Syria’s forgotten revolutionaries need our help

The current issue (#485, September 2015) of the New Internationalist magazine is devoted to the nonviolent civilian activists of Syria’s “forgotten revolution,” still trying to do their work despite the carnage of four years of civil war.

Rajif Jouejati writes in one article that “when the Arab Spring began several years ago, Syrians looked with envy at the freedom movements sweeping Tunisia, Libya, and Eygpt. Change seemed unthinkable in Syria, where everybody knew that you could be imprisoned for merely criticizing the president. And yet the unthinkable happened: in March 2011, Syrians began protesting against more than 40 years of tyranny. The revolution began peacefully, with Syrians from all backgrounds and walks of life calling for freedom, dignity, and democracy. Peaceful Syrian protesters – often numbering in the hundreds of thousands in a single demonstration – demanded change.”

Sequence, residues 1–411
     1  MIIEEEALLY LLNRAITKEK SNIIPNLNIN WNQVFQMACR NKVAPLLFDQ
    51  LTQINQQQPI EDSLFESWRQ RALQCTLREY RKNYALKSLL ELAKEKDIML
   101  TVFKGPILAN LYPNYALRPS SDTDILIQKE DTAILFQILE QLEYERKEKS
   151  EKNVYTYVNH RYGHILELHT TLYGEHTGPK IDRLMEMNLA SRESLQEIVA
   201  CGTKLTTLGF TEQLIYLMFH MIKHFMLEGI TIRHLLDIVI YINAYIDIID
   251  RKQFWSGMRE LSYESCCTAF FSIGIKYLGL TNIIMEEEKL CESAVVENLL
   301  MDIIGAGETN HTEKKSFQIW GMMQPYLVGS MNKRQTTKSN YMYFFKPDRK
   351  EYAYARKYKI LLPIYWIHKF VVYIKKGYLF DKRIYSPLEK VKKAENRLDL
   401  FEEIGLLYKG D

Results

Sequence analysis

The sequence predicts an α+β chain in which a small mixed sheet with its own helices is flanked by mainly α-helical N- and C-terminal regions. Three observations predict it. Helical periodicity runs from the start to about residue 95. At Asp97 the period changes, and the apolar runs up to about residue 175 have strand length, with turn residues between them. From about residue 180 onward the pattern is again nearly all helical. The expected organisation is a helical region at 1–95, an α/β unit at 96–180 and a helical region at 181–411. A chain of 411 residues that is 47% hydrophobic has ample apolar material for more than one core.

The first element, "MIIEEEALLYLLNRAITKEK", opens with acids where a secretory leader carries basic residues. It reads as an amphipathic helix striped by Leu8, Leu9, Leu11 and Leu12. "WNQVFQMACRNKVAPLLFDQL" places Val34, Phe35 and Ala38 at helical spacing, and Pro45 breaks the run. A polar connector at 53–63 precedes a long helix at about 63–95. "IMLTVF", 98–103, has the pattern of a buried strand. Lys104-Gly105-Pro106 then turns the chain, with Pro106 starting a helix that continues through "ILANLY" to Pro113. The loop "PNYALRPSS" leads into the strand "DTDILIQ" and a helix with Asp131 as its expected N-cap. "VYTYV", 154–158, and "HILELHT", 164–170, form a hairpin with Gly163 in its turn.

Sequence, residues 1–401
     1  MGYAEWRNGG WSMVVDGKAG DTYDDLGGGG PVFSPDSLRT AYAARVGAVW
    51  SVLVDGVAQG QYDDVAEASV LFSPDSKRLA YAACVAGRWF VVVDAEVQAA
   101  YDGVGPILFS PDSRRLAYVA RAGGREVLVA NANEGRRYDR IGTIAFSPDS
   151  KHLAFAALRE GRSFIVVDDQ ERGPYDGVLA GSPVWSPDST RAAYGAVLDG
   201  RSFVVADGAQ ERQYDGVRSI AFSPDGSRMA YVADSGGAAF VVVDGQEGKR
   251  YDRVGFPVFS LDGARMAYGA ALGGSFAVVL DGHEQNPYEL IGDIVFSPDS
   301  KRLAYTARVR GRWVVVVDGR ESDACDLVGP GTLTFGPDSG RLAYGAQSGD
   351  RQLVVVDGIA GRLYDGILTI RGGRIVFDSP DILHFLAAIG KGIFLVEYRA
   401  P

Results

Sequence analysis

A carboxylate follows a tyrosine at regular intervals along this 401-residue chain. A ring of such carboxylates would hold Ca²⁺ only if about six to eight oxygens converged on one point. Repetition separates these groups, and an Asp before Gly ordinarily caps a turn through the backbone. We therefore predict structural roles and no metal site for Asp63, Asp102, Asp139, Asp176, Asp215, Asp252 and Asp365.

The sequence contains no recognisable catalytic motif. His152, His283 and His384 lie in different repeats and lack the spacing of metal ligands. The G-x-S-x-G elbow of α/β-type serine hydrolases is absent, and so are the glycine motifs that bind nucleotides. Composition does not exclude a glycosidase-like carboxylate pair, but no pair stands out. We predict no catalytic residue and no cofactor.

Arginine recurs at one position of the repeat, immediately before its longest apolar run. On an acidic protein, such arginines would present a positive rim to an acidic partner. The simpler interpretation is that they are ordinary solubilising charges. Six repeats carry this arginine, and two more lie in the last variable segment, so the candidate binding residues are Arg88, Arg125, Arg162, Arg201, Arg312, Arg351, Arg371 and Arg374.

In December 2011, as Daniel Adamson reports, fellow nonviolent activists got creative, doing things like releasing 2,000 ping-pong balls, each inscribed with the word “freedom,” down a steeply-sloping Damascus street. “Insisting that Assad’s regime could be crippled by civil disobedience, they instigated a general strike, closing shops and disrupting transport networks.” At the same time, however, Assad let hundreds of known Islamic militants out of government jails, hoping, “many analysts believe, to transform a civil uprising into an Islamic insurgency that would legitimate the crushing of the revolution. It took a long time for Syria’s revolutionaries to take up arms, and still longer before they were eclipsed by the ferocity of the Islamic militias. In the end, though, Assad’s selective release of prisoners, the army’s murderous assault on peaceful demonstrators, and the meddling of foreign powers [see below] ensured that Syria was engulfed in a full-scale civil war.